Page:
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Latest Homeostasis Stories

2014-05-27 16:00:39

Norwegian University of Science and Technology Norwegian researchers use large database and computer model to understand high blood pressure High blood pressure is highly age-related and affects more than 1 billion people worldwide. But doctors can't fully explain the cause of 90 per cent of all cases. A computer model of a "virtual human" suggests that stiff arteries alone are enough to cause high blood pressure. "Our results suggest that arterial stiffness represents a major...

2014-05-09 13:42:49

Institute of Physics An implantable device that reduces blood pressure by sending electrical signals to the brain has been created by a group of researchers in Germany. The device has successfully reduced the blood pressure in rats by 40 per cent without any major side effects, and could offer hope for a significant proportion of patients worldwide who do not respond to existing medical treatment for the condition. The first results have been published today, 9 May, in IOP...

Deep Brain Region Controls How Quickly We Make Decisions About Love
2014-02-14 12:47:19

Lee Rannals for redOrbit.com - Your Universe Online According to a study published in the journal Current Trends in Neurology, a region found deep within the brain is able to control how quickly people make decisions about love. The research is the first to provide causal clinical evidence that an area of the brain known as the anterior insula plays an instrumental role in love. “The current work makes it possible to disentangle love from other biological drives,” the authors...

Smart Materials Getting SMARTer
2012-07-11 17:36:59

Self-powered, homeostatic nanomaterials that actively self-regulate in response to environmental change Living organisms have developed sophisticated ways to maintain stability in a changing environment, withstanding fluctuations in temperature, pH, pressure, and the presence or absence of crucial molecules. The integration of similar features in artificial materials, however, has remained a challenge–until now. In the July 12 issue of Nature, a Harvard-led team of engineers...

2012-05-22 02:23:17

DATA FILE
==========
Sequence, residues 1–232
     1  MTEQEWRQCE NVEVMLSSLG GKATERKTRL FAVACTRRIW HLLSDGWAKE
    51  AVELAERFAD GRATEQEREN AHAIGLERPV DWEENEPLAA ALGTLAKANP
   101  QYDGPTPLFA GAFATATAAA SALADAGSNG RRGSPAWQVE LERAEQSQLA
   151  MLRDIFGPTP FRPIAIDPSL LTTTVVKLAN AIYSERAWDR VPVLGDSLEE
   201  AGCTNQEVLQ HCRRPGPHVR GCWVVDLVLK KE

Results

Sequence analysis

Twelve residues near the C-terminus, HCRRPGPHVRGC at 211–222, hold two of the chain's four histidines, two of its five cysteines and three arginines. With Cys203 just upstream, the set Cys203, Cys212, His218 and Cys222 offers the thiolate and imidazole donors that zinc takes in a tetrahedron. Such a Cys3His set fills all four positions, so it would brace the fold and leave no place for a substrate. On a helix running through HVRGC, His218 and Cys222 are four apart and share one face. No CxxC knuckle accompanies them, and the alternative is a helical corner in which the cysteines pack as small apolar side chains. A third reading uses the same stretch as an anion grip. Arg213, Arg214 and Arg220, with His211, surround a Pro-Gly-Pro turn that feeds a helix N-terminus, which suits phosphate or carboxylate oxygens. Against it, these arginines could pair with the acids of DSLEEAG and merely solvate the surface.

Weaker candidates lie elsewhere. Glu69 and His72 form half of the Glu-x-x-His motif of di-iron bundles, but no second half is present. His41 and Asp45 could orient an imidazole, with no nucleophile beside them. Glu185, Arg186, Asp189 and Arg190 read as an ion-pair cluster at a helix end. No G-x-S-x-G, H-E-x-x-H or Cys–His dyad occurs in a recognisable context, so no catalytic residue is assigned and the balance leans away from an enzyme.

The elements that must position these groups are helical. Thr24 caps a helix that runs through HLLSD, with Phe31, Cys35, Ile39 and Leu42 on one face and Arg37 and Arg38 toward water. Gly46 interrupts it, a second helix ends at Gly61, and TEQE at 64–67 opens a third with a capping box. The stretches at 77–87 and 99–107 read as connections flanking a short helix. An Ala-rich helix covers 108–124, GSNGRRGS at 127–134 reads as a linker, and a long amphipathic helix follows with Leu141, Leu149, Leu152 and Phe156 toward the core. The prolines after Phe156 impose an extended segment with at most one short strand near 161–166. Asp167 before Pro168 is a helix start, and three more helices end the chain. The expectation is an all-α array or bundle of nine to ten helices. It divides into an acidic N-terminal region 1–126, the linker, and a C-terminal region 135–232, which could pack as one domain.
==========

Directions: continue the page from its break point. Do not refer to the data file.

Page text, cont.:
Max Planck scientists discover brain cells in monkeys that may be linked to self-awareness and empathy in humans The anterior insular cortex is a small brain region that plays a crucial role in human self-awareness and in related neuropsychiatric disorders. A unique cell type — the von Economo neuron (VEN) — is located there. For a long time, the VEN was assumed to be unique to humans, great apes, whales and elephants. Henry Evrard, neuroanatomist at the Max Planck Institute...

2012-04-10 09:01:48

The part of the brain we use when engaging in egalitarian behavior may also be linked to a larger sense of morality, researchers have found. Their conclusions, which offer scientific support for Adam Smith's theories of morality, are based on experimental research published in the latest issue of the Proceedings of the National Academy of Sciences. The study, coming seven months after the start of the Occupy Wall Street Movement, which has been aimed at addressing income inequality, was...

2012-03-21 00:30:56

Scans reveal how genes alter circuit hub to shape temperament -- NIH study A personality profile marked by overly gregarious yet anxious behavior is rooted in abnormal development of a circuit hub buried deep in the front center of the brain, say scientists at the National Institutes of Health. They used three different types of brain imaging to pinpoint the suspect brain area in people with Williams syndrome, a rare genetic disorder characterized by these behaviors. Matching the scans to...

2011-01-21 16:12:05

The Insula and Evaluative Processes Gary G. Berntson, Greg J. Norman, Antoine Bechara, Joel Bruss, Daniel Tranel, and John T. Cacioppo The insula has been implicated in evaluative and affective processes. New findings indicate that the insula may be broadly involved in integrating affective and cognitive processes. Participants rated the positivity and negativity of picture stimuli and how emotionally arousing they found the pictures to be. Volunteers with lesions of the insula exhibited...

2010-09-10 14:28:12

There is new evidence that people can learn to control the activity of some brain regions when they get feedback signals provided by functional magnetic resonance brain imaging (fMRI). Dr. Andrea Caria and colleagues used this specialized imaging technique during training sessions in three groups of healthy participants who were asked to assess visual emotional stimuli (negative or neutral pictures). The scientists were interested in the signals generated by the insula, a brain region...

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2009-11-29 08:49:46

Researchers using functional magnetic resonance imaging (fMRI) to study brain activation have found that men and women respond differently to positive and negative stimuli, according to a study presented today at the annual meeting of the Radiological Society of North America (RSNA). "Men may direct more attention to sensory aspects of emotional stimuli and tend to process them in terms of implications for required action, whereas women direct more attention to the feelings engendered by...


Word of the Day
ambsace
  • Bad luck; misfortune.
  • The smallest amount possible or the most worthless thing.
The word 'ambsace' comes from a Latin word meaning 'both'.